Medicinal chemistry strategies for discovering antivirals effective against drug-resistant viruses†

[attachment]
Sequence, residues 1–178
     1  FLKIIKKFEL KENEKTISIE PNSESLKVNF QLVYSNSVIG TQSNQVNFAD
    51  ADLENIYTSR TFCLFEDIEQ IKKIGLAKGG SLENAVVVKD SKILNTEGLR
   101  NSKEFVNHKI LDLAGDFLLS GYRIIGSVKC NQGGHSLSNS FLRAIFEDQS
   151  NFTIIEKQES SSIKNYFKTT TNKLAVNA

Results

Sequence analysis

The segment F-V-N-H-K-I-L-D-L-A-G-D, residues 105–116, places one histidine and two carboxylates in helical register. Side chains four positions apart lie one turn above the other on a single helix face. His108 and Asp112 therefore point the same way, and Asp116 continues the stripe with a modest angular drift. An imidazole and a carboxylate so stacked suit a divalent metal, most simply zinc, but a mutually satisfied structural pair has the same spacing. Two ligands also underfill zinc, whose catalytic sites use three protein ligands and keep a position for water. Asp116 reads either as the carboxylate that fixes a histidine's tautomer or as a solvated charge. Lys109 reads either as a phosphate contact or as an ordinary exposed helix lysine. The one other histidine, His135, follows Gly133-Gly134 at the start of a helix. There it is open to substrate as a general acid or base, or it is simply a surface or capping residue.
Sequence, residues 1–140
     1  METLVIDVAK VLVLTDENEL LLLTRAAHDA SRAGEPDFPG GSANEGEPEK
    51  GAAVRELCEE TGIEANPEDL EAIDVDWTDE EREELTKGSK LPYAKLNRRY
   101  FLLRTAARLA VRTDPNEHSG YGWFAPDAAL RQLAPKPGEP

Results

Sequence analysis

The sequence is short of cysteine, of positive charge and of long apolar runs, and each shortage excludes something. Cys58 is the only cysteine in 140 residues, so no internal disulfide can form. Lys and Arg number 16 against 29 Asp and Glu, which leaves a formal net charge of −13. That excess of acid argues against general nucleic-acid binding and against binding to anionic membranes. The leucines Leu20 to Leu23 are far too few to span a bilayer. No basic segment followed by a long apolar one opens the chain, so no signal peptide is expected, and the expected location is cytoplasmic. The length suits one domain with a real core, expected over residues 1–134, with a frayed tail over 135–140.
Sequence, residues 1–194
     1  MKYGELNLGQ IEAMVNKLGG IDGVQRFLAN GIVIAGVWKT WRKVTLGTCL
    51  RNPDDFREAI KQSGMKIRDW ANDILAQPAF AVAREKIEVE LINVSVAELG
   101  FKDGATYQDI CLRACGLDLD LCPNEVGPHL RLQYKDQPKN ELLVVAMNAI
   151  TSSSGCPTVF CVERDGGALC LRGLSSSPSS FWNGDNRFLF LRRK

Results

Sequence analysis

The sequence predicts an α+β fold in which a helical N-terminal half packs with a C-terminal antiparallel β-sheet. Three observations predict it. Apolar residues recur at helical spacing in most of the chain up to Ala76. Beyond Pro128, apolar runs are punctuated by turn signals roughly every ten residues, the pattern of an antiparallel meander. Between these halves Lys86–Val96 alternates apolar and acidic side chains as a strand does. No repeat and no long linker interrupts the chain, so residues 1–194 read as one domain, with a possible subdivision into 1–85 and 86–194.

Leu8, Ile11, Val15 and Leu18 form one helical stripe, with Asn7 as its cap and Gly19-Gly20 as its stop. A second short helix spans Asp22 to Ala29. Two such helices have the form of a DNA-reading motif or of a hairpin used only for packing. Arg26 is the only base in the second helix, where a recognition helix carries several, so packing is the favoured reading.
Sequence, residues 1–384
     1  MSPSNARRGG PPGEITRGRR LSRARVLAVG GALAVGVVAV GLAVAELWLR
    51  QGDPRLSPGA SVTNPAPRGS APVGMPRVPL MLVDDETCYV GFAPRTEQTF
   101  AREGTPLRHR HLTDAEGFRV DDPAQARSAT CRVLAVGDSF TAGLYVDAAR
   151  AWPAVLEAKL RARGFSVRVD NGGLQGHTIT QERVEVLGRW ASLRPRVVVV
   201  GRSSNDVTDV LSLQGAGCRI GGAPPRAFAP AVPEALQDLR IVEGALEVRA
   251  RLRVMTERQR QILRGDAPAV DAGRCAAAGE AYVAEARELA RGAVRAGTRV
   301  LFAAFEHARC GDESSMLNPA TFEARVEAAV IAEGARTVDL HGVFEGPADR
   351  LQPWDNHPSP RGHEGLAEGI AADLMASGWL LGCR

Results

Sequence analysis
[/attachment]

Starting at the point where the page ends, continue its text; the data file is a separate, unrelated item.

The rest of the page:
During the last forty years we have witnessed impressive advances in the field of antiviral drug discovery culminating with the introduction of therapies able to stop human immunodeficiency virus (HIV) replication, or cure hepatitis C virus infections in people suffering from liver disease. However, there are important viral diseases without effective treatments, and the emergence of drug resistance threatens the efficacy of successful therapies used today. In this review, we discuss strategies to discover antiviral compounds specifically designed to combat drug resistance. Currently, efforts in this field are focused on targeted proteins (e.g. multi-target drug design strategies), but also on drug conformation (either improving drug positioning in the binding pocket or introducing conformational constraints), in the introduction or exploitation of new binding sites, or in strengthening interaction forces through the introduction of multiple hydrogen bonds, covalent binding, halogen bonds, additional van der Waals forces or multivalent binding. Among the new developments, proteolysis targeting chimeras (PROTACs) have emerged as a valid approach taking advantage of intracellular mechanisms involving protein degradation by the ubiquitin-proteasome system. Finally, several molecules targeting host factors (e.g. human dihydroorotate dehydrogenase and DEAD-box polypeptide 3) have been identified as broad-spectrum antiviral compounds. Implementation of herein described medicinal chemistry strategies are expected to contribute to the discovery of new drugs effective against current and future threats due to emerging and re-emerging viral pandemics.